Panel Paper: The ACA Medicaid Expansion and Participation in the Food Stamps Program

Friday, November 9, 2018
Wilson A - Mezz Level (Marriott Wardman Park)

*Names in bold indicate Presenter

Paulette Cha and José J. Escarce, University of California, Los Angeles

This study aims to determine whether Medicaid expansion under the ACA facilitates access to food stamps. We hypothesize that that children may gain access to food stamps through their adult family members’ Medicaid enrollment, and that any effect will be concentrated in states that jointly process Medicaid and food stamps.

We use data from the Current Population Survey December Basic Survey and the Food Security Supplement from 2010 to 2016 (IPUMS-CPS). In the period covered by this study, 32 states including DC expanded Medicaid. Our population includes approximately 125,000 individuals across all states with incomes under 138 percent of the federal poverty line, the threshold for adult Medicaid under the ACA. We use a triple-differences strategy to identify the combined effect of state Medicaid expansion and joint processing of Medicaid and SNAP on food stamps participation above and beyond the Medicaid expansion’s effect for states that do not process jointly. Our preferred model controls for individual characteristics, state-by-year unemployment, and includes full sets of state and year fixed effects.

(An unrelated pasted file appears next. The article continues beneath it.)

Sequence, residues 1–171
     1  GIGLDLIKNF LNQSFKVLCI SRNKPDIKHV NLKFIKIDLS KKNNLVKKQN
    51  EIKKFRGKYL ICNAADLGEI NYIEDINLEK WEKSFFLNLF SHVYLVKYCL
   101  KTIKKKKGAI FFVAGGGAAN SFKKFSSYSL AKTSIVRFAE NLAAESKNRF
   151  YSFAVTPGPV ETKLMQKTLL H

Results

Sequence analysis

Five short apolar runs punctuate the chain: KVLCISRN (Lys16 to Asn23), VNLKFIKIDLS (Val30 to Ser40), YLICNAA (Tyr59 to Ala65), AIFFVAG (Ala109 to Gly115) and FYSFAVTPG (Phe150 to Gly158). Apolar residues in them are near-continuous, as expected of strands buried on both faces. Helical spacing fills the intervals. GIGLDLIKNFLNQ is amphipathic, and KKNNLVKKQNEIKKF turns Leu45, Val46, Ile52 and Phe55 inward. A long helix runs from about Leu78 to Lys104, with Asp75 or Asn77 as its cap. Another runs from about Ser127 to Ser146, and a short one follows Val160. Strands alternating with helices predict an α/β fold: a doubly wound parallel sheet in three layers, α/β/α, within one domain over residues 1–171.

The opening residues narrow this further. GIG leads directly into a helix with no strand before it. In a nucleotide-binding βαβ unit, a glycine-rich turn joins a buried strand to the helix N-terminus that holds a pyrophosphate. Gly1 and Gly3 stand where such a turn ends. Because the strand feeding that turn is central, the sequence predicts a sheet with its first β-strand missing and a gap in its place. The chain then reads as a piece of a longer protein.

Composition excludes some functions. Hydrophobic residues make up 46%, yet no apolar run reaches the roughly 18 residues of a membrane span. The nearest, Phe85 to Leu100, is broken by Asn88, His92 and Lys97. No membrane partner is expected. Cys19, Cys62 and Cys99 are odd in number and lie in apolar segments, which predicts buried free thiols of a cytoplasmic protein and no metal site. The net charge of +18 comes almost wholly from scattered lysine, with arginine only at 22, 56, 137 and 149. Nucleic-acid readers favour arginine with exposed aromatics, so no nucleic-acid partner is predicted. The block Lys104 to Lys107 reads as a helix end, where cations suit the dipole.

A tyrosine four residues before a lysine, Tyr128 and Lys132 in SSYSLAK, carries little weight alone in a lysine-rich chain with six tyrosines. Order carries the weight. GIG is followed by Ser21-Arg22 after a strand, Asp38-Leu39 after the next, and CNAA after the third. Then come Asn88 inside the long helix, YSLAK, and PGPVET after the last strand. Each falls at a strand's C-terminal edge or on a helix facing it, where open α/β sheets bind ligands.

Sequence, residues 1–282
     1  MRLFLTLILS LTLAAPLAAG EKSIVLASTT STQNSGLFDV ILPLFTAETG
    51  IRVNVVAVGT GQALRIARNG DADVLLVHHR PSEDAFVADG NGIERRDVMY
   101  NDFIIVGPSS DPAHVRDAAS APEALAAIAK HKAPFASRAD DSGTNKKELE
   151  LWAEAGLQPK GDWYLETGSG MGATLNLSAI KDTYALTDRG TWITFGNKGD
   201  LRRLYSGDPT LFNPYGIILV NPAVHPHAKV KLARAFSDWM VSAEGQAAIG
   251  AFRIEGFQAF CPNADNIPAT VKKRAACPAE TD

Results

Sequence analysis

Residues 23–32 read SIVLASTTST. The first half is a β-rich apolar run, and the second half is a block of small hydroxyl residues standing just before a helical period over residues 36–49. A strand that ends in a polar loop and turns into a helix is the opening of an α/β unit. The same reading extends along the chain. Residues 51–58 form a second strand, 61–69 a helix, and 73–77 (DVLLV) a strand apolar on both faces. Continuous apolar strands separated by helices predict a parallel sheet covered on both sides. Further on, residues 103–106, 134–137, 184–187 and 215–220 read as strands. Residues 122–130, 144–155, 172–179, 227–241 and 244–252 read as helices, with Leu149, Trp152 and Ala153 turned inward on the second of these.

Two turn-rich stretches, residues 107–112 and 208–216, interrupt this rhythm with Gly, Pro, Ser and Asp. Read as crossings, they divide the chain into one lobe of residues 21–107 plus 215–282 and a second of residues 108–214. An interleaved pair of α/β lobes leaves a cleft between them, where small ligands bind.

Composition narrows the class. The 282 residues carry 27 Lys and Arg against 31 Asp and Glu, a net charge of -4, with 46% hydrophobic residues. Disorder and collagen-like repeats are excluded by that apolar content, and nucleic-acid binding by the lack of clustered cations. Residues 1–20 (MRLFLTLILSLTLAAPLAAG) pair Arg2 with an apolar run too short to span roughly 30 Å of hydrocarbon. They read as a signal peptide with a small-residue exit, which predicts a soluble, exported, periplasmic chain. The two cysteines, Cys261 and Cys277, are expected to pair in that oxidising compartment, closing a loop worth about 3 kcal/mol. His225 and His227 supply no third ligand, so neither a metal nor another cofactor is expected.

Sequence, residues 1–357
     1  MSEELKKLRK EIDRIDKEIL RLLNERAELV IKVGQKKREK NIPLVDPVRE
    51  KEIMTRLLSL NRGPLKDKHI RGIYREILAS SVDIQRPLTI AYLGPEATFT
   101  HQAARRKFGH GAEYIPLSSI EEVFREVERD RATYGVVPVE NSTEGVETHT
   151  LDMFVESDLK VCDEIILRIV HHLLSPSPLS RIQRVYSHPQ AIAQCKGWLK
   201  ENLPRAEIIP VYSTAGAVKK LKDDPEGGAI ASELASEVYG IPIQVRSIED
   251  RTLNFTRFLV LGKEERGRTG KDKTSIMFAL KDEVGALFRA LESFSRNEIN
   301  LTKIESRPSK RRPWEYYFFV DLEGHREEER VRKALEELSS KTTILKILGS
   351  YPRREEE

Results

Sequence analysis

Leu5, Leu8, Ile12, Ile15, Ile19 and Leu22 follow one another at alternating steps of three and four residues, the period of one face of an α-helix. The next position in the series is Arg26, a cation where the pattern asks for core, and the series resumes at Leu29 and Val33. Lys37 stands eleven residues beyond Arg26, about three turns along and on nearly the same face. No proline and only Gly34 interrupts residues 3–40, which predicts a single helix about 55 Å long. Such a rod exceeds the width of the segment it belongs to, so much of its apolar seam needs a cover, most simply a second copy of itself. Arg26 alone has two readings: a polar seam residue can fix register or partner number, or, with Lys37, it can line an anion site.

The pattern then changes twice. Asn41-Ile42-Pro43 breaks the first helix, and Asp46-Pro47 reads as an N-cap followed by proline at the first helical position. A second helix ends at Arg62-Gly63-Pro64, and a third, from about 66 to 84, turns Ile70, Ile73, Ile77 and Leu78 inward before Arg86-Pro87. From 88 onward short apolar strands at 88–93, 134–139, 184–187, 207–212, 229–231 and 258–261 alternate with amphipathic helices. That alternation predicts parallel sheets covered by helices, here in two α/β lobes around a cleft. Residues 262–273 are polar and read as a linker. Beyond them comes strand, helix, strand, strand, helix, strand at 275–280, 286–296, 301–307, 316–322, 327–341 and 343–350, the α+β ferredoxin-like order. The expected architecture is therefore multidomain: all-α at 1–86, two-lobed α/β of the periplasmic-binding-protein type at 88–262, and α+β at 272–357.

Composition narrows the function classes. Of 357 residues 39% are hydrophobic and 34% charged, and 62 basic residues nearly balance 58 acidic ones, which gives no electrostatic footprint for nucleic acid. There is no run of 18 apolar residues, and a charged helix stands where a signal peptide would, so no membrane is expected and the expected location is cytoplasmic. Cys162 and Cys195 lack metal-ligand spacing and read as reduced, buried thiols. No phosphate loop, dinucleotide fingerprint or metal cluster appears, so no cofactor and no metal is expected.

We estimate a 4.4 percentage point increase in food stamps participation attributable to joint processing in Medicaid expansion states, or an increase of about 9 percent above the 48.8 mean percent participation rate in our study population. This estimate is significant at the 95 percent level of confidence using standard errors robust to heteroskedasticity and clustered by state. Further, we find that the effects are concentrated among those in families with children.

Based on these results, we conclude that the Medicaid expansion—in addition to increasing health insurance coverage—connects low-income adults and their families to food stamps. The food stamps program is one of the most effective poverty reduction programs for low-income families, and exposure to the program has been shown to produce positive health consequences for children (Alaimo et al. 2001, Casey et al. 2001). Moreover, recent work has found that children exposed to food stamps have reduced incidence of metabolic syndrome in adulthood (Hoynes et al. 2016). This knowledge and our findings suggest that the ACA Medicaid expansion to adults will eventually be understood to be a multi-generational investment in public health.